One night a group of us went to Anthony’s Pizzeria in Thorton Park for dinner. “Beer, beer, beer … let it flow like water,” sang my friend Mandy. Our waiter had just asked us what we wanted to drink. We wanted Orange Blossom Pilsner.
Ever since this dinner, I find myself singing this little ditty all the time—in the car, in the shower, at breakfast, while getting ready to go out. I’ve recently professed this tune to other waiters—without even realizing it—when asked for my drink order. This has made me think that something is either seriously wrong with me or something is seriously right with beer—let’s just assume it’s the latter.
Besides beer, I also love art and bookstores. So you can imagine my excitement when I was asked to guest host the third Thursday art-show at Urban Think!, my local bookstore. Within ten minutes of my hosting experience, in walked Tom, the creator of Orange Blossom Pilsner. Unbeknownst to me, he had arranged with Jim, the bookstores manager, to give samples of his beer away at my art show. This seemed like a bizarre coincidence considering that just days before we sang a song for beer—Tom’s beer—and now the beer inventor was standing before me. I could even personally congratulate him for his success in making an excellent honey beer—and I did.
Within two samples of Tom’s beer, I had the confidence to ask him to interview with me. He agreed. It took a couple of unreturned e-mails to get the response I wanted. He must have underestimated my perseverance. “I’d be tickled to do an interview,” he finally replied. It was the green light to inquire about anything I ever wanted to know about beer.
*Below are a few excerpts found in Jana Waring’s Who’s That? Discovering Orlando One Interview at a Time. To read and learn everything you wanted to know about beer, buy the book now!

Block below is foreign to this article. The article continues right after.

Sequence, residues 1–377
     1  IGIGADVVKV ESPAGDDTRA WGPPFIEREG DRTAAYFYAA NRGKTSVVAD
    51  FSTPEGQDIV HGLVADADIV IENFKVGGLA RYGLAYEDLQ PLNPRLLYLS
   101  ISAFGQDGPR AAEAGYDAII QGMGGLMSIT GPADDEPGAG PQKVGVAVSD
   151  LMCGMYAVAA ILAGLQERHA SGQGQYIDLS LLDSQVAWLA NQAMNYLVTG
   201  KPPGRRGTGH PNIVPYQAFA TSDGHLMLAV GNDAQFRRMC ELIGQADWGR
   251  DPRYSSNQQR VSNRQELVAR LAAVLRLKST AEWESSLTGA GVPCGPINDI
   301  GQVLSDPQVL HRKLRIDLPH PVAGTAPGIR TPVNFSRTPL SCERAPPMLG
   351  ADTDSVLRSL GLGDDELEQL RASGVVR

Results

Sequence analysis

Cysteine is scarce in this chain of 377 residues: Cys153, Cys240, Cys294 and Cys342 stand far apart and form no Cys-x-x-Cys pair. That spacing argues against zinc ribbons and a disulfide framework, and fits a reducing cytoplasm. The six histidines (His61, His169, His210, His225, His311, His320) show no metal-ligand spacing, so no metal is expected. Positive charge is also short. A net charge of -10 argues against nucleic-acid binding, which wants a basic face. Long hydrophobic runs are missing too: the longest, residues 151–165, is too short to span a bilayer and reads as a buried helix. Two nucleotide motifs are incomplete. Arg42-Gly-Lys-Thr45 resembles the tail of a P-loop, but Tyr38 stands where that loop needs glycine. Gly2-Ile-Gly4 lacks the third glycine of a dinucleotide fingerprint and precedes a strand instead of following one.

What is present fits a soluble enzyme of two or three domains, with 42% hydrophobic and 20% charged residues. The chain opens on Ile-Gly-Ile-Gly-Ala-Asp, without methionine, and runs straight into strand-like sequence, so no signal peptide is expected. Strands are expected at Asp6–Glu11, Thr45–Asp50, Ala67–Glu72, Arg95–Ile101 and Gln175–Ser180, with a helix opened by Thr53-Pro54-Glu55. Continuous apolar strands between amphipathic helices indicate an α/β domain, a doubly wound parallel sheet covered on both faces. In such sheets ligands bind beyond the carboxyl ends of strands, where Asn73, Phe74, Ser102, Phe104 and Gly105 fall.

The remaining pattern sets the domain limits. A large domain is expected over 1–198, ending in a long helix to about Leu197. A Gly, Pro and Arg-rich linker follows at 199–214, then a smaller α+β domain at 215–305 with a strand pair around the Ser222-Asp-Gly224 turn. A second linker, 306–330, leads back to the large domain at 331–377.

What do you mean by the term microbrew?
I mean craft beers. Beers that are made with high integrity. Beers that accountants don’t oversee. Beers that the brewer looks at himself as an artist and is also trying to make the best possible product. A lot of our mainstream 7-Eleven beers are designed by accountants. They’re figuring out things like, if we use rice instead of malt then it’s cheaper.
The craft beer movement was started with the home brewer’s movement back in 1978. Jimmy Carter made home brewing legal. It was the year I turned 18 years old and also the year I started making home brew. I was old enough to but the ingredients to make beer but not old enough to buy beer. [Laughs]
What kind of home brew kit did you use?
A novice home brew kit is, you know, some malt extract, mixed with water in a pot, then cooled off and blended with more water, then yeast. I look at that like making a TV dinner. You can grab a TV dinner out of the freezer and throw it in the microwave for eight minutes and technically you made dinner. It doesn’t necessarily mean it’s any good.
What makes beer taste so good?
I almost think that as humans we are conditioned to like beer.
With your experience, can you taste beer and tell exactly what is in it?
To a certain degree. i’ve git a pretty good palate. I actually have judged at the Great American Beer Festival in Colorado. The GABF is one of the biggest beer competitions in the nation, if not the planet. To judge an event like that is one heck of an honor.
* Interview Date 2/11/08